Data leaks are the price of mega-technology

April 11, 2018   ·   0 Comments

Mark Pavilons

We’ve been enjoying the connectivity the Internet brings for almost 40 years now. Can you believe it?
The World Wide Web was born in the 1980s, linking hypertext documents into an information system, accessible from any node on the network.
Since the mid-1990s, the Internet has been nothing short of revolutionary and has impacted almost every aspect of our society today. From instant communication by email, text messaging, Facetime, and all sorts of social networks, we are all connected like one giant brain.
I can’t help but think of Dr. Frankenstein and his monster. Let’s build something truly remarkable and groundbreaking and see where it takes us!
Previous “revolutions” required labour, protests and big business. Today, it’s a matter of turning on your smart phone or opening your laptop!
Jumping on the Internet is like taking a drink from a fire hydrant. Today, we are so interconnected and dependent on our electronic gadgets that it appears nothing is private anymore.
Facebook founder Mark Zuckerberg apologized for a recent data leak that affected some 620,000 Canadians. The company estimates 622,161 users in Canada had their data improperly shared with Cambridge Analytica through apps used by themselves or their friends, all for political purposes.
Overall, Facebook has indicated that 87 million of its users worldwide were affected, with nearly 82 per cent of them in the United States.
Lately, such “breaches” are not uncommon. From banks to retailers to online stores, personal information dribbles out.
What did we all expect would happen when we created such a “monster?”
The power and reach of the Internet and the smart devices today are way beyond our control. They’re almost too smart for our own good.
Yet we embrace them, coddle them and impress our friends and colleagues with the power in our own hands.
How many of us actually understand how any of it works? Can you tell me just how data is transmitted, accepted, diverted and logged? We pay a bill or order an Uber by a single push of a button. It’s easy. But a gazillion calculations send millions of bits of information per second across the globe.
In this data stream is perhaps everything about us – our shopping and spending habits, our bank balances, how much we owe on our credit cards and what movies we watch. It also details our favourite take-out restaurants, clothing styles and even our shoe size.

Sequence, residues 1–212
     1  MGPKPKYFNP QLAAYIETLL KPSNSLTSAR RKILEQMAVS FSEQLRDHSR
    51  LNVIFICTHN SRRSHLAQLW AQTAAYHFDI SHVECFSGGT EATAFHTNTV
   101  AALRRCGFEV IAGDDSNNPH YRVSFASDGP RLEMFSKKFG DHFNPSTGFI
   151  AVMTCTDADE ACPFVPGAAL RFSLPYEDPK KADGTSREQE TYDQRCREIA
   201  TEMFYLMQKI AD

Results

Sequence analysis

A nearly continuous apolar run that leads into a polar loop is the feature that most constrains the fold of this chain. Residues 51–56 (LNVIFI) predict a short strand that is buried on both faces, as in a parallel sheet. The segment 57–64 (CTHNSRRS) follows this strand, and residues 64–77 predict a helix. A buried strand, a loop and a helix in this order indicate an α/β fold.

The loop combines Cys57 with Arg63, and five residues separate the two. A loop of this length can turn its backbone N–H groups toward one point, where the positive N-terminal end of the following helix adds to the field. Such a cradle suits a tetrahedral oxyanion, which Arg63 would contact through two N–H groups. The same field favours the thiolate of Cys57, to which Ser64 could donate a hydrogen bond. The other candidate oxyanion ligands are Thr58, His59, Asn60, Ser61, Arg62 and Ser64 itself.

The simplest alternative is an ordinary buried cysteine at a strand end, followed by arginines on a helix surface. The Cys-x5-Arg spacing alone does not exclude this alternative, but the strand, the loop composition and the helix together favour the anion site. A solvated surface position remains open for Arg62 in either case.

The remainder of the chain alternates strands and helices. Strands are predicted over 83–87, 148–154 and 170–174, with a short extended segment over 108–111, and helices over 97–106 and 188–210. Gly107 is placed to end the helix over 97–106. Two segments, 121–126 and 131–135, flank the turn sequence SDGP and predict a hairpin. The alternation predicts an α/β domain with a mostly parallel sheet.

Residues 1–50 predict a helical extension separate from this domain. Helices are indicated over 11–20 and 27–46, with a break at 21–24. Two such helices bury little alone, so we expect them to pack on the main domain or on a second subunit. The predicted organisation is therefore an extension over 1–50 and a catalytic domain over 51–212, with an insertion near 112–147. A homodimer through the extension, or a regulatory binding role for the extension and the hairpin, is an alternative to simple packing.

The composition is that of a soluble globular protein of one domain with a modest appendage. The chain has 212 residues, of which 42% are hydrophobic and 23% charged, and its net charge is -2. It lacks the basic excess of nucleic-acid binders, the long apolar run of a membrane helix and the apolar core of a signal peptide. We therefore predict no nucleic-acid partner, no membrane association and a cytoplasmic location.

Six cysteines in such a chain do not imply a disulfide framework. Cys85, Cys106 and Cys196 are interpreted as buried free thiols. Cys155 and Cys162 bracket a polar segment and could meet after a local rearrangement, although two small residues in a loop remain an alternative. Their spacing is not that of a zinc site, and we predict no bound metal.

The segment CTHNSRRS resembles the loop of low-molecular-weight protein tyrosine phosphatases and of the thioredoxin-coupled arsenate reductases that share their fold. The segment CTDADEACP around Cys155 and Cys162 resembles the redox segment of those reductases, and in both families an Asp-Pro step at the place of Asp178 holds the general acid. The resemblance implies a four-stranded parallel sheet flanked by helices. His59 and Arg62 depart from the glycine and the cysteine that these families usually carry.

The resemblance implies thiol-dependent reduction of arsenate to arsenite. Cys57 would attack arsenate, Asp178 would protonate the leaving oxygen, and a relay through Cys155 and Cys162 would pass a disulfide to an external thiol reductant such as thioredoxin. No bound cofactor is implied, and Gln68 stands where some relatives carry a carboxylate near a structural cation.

With all this data whizzing around the planet, did it ever occur to anyone that “glitches” are bound to occur? Don’t we think that the more we use and rely on our devices to do everything for us, there’s bound to be a few hurdles and “leaks?”
My iPhone knows when I’m driving and disables alerts and notification messages while I’m behind the wheel. It shares my location with others. It tells me the weather and let’s me know when my Amazon order has arrived at my doorstep. It even monitors my health!
That’s progress. And that’s really cool.
We shouldn’t be shocked, surprised or even upset when our personal information is shared with millions of others.
I think there’s a bit of ego and self-importance at work here. I couldn’t care less if the entire world knew my favourite brand of jockey shorts or what shampoo I use. It wouldn’t bother me one iota if my hundreds of Facebook friends or Linkedin contacts knew what I had for dinner last night.
It’s kind of funny because some people don’t mind sharing intimate details of their love life on Facebook, but don’t want other people to know what toppings they like on their pizza!
I would urge people not to be naive. In 2018, if we have such “intelligence” floating around, can you imagine what we’ll see in another 10 or 20 years?
With all of this, one has to consider whether we’re the leaders, or whether we’re being led. It’s a bit of both, I think, but ultimately the consuming public may as well have bull rings in their noses.
We will literally “sign up” for anything that makes our lives easier. We will eagerly “log on” and “get” any app we may find useful. We’ll “share” everything and each time we snap a “selfie” we’re telling the world where we are and what we’re doing.
According to John Perry Barlow: “The Internet is the most liberating tool for humanity ever invented, and also the best for surveillance. It’s not one or the other. It’s both.”
He’s right of course.
Never before in our history has it been so easy to “spy” on one another – our neighbours, co-workers, friends and family. We’re not talking CIA or Homeland Security here, just one nifty hand-held gizmo.
Just think. Our mortgage or bank loan, containing almost every detail about us, is sent electronically over the mystical airwaves. It gets snatched and delivered. The danger is, if it’s intercepted, this one document contains more personal information than we care to share.
Technology will continue to improve and the powers that be will one day seize the opportunity to spy on all of its citizens. I have no doubt our entire lives are either recorded or downloaded somewhere today.
And so I leave you with these words:
“The Internet gave us access to everything; but it also gave everything access to us.”
– James Veitch



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